Sweet Rejection – Returning Wine in a Restaurant

WineSnark Snobby WaiterLately I’ve come across several articles about the uncomfortable task of rejecting a flawed bottle of wine when it arrives at your table. I thought I’d join the conversation since I’ve been married for over 30 years and that qualifies me as an expert in rejection. It’s actually been a great 30 years and my wife openly admits it’s been the best ten years of her life. If she could turn back time she wouldn’t ask me to change a thing – except maybe the white suit I wore for ten years following Saturday Night Fever.

Years ago a new restaurant opened in our neighborhood and given the high praise it received from the gourmand filling my gas tank I decided to put on my white suit and take my wife there for her birthday. It’s these kinds of decisions that make me the unequivocal rejection expert I am today.

After a meal that was as tepid as the wine service I ordered a glass of dessert wine and found myself in the unusual position of having to send it back even though it was perfectly fine. It had no discernable flaws and was in fact, quite good – in other words, it was a wine that had nothing in common with me.

I was in the mood for something full-bodied, sweet and voluptuous but since the odds of getting that were slim I settled for a glass of port. Ordering port by the glass in a restaurant is a slippery slope and in this case the slope was littered with banana peels.

Many restaurants labor under the misconception that once opened, all port wine will remain vibrant indefinitely. While it’s true that some ports remain stable for a couple of months after opening, others, such as those in the high-priced “Vintage Port” category, will only last a few days  once exposed to oxygen. The shelf life is even shorter if the Vintage Port is fully mature, a condition my wife hopes I may someday attain.

Oxidation brings about the demise of all wine in due time but Tawny Port undergoes a process that gradually oxidizes the wine before bottling, making it somewhat immune to the negative effects of air. Age-designated Tawny Port spends an average of 10, 20, 30, or 40 years in an oak barrel – a device that somehow allows oxygen to come and go while simultaneously keeping its precious liquid contained. This slow oxidation process gradually changes the finished wine into a golden tawny color and assures quality drinking for a few months after opening.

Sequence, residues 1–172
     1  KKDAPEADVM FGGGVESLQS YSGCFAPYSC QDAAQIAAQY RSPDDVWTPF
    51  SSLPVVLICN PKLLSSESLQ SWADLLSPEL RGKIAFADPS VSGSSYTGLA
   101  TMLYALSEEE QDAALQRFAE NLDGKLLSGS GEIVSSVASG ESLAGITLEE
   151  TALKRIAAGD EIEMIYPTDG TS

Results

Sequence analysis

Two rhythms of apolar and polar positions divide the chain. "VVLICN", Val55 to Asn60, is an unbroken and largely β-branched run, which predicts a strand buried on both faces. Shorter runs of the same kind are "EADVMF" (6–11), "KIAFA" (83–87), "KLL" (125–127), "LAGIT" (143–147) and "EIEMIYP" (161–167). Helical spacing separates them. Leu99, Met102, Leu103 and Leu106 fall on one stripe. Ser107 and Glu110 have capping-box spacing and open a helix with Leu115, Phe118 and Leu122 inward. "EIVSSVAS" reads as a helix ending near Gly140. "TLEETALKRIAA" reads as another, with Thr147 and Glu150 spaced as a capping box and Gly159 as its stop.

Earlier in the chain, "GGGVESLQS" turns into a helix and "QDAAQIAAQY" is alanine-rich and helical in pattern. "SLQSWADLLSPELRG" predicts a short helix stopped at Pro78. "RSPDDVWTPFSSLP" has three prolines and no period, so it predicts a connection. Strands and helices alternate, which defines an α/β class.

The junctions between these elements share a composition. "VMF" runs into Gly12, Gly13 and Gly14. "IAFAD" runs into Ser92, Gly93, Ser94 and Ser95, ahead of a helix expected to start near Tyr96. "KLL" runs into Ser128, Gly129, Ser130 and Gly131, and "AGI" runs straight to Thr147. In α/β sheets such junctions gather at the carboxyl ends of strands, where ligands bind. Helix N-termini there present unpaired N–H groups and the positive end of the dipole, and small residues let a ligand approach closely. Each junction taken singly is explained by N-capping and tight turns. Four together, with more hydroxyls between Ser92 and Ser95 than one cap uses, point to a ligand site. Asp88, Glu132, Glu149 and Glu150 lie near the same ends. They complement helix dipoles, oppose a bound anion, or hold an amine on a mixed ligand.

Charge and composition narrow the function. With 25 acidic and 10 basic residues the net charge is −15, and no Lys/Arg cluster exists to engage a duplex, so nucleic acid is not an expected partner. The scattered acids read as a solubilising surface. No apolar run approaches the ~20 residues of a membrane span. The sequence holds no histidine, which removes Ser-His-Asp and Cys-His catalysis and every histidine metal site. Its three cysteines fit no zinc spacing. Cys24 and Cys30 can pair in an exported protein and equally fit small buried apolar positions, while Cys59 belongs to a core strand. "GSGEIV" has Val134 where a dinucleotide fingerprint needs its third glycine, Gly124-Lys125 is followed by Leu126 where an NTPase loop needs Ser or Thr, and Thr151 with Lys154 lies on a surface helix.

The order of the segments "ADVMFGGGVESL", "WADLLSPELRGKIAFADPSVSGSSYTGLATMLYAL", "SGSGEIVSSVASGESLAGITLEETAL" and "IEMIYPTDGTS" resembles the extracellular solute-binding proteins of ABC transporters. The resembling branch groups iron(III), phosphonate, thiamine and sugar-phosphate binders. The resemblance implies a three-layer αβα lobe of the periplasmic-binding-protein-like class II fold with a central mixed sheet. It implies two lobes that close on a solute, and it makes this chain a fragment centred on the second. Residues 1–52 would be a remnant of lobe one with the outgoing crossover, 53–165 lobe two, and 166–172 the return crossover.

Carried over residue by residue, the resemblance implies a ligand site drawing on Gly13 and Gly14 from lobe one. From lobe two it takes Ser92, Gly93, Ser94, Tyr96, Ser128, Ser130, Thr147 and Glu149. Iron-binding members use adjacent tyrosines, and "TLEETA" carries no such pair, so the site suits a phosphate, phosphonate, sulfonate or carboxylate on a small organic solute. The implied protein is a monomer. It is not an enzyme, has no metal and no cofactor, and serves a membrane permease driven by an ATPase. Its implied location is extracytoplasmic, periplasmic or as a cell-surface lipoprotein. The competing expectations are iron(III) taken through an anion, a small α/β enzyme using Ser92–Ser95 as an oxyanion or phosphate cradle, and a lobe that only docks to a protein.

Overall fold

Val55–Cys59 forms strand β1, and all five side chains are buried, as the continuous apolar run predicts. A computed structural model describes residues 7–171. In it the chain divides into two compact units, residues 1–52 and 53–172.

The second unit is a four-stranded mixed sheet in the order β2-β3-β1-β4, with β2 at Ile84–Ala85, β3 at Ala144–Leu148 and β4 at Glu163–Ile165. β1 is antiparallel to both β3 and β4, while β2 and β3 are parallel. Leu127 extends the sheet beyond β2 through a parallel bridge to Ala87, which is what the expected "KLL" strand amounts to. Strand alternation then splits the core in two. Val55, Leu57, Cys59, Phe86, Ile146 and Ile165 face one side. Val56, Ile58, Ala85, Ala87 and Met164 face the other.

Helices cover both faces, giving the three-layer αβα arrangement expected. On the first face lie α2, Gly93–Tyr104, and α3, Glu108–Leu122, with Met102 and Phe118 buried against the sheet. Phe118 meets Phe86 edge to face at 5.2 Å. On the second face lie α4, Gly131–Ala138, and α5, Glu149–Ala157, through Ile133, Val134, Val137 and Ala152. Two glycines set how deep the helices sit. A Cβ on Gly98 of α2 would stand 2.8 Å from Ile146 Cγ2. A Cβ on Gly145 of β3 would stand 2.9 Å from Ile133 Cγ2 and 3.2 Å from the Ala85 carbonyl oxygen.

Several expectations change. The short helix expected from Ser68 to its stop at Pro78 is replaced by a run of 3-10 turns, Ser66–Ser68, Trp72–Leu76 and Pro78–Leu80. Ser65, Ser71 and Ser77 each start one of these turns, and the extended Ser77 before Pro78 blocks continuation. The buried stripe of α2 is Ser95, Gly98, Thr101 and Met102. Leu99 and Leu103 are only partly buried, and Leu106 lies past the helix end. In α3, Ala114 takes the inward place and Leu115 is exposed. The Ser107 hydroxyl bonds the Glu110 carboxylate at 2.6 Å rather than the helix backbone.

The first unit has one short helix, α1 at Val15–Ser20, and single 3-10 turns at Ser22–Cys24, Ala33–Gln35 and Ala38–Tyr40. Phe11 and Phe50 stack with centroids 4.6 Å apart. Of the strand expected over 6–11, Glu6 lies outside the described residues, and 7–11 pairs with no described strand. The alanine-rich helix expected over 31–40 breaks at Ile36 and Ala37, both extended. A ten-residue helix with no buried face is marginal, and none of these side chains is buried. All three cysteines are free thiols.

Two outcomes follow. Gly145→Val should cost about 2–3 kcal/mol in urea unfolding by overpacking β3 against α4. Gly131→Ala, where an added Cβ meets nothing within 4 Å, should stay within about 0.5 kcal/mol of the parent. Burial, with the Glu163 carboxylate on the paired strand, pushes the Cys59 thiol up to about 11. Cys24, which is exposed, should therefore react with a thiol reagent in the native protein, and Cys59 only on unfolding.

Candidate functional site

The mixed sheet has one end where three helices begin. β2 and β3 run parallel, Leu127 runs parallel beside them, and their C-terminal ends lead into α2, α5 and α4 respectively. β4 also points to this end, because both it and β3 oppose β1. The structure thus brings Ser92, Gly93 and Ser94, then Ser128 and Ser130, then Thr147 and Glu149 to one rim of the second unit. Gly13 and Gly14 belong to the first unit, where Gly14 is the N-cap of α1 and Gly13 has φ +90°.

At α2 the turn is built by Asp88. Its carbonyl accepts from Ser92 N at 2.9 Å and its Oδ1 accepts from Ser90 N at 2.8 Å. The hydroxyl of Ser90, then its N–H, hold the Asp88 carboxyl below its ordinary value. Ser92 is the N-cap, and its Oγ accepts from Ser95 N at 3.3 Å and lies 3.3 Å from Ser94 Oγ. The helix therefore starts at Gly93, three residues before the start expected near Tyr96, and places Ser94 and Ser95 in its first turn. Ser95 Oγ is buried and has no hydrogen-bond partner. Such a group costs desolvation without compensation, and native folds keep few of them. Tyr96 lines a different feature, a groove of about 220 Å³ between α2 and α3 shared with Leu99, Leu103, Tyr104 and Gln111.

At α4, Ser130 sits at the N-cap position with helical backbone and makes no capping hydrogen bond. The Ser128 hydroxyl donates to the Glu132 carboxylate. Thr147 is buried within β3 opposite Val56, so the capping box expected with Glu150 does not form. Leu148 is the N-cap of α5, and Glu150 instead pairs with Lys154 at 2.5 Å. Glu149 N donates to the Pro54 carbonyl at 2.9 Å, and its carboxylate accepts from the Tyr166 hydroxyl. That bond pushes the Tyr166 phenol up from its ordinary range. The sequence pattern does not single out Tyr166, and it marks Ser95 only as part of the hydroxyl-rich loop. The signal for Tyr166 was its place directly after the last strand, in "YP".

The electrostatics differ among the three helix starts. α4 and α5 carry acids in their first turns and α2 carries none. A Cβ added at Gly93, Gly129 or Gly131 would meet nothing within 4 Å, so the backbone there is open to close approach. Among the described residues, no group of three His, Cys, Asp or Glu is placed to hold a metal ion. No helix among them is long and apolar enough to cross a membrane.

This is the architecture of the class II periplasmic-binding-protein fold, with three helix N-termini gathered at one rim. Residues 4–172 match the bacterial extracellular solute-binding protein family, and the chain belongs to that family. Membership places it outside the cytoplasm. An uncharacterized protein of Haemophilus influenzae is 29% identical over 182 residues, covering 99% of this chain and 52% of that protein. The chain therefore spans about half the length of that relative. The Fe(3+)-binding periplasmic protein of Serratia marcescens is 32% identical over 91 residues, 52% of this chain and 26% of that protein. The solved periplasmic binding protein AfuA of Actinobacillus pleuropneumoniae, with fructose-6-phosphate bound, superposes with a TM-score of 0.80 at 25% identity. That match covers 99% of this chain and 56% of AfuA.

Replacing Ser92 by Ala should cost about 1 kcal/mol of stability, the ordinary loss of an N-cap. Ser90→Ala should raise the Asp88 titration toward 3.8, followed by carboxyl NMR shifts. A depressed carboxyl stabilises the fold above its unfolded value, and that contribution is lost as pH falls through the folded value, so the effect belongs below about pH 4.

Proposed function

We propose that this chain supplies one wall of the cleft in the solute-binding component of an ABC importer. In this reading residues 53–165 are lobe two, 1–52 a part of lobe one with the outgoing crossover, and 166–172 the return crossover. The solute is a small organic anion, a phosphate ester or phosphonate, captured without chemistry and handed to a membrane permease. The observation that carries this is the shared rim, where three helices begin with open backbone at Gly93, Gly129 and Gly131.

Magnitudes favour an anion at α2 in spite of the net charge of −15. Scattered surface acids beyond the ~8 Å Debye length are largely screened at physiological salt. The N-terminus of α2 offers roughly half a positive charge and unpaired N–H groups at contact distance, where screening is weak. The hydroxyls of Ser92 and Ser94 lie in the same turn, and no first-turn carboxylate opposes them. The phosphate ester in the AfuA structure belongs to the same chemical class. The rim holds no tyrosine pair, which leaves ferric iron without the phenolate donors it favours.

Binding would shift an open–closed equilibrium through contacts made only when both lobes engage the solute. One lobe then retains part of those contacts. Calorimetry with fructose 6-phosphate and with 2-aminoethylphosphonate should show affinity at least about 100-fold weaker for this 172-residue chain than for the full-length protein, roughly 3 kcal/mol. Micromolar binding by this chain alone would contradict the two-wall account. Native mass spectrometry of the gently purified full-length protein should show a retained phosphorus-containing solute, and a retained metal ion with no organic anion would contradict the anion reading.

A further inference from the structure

Okay, that’s all well and good if you’re a Tawny Port guy but I prefer port from the ruby side of the spectrum – wines like Vintage Port. Unfortunately, ordering Vintage Port by the glass is a surefire way to get an oxidized lump of sediment in your glass, and while this really upsets me, it doesn’t bother my wife who claims she’s been dining with an oxidized lump of sediment for years.

Thankfully industrious port producers have come up with some ruby style ports that have an extended shelf life once opened and as an added bonus they’re a lot cheaper than Vintage Port. Of course price is insignificant to a big spender who spares no expense when he takes his wife out for her birthday. I know because there was one sitting next to us.

Late Bottled Vintage port is a wine produced from a single vintage that has been matured in oak casks between four and six years so that it is ready to drink once bottled. Over lunch many years ago, Bruce Guimaraens, the late winemaker for the Fonseca and Taylor-Fladgate port houses, told me that LBVs can last four to six weeks after opening but I’ve had a tough time confirming this as my bottles rarely survive the night.

I ordered an LBV from a reputable producer; the waiter brought me the glass and turned to leave.

“Excuse me, but this isn’t what I ordered.”

He turned and said, “Oh yes sir. That is the Graham’s 1996 Late Bottled Vintage Port that you asked for.”

My wife shot the waiter a quick glance – a glance laden with meaning if only the poor, oblivious soul could read glances. Understanding the unspoken words inherent in a woman’s glance takes years of dedicated study and perseverance, or a few weeks of being married. My wife is multilingual – she speaks glance, glimpse, glare, and even some gander. I have become an expert at understanding her silent communications and let me tell you, this glance had meanings for both the waiter and me.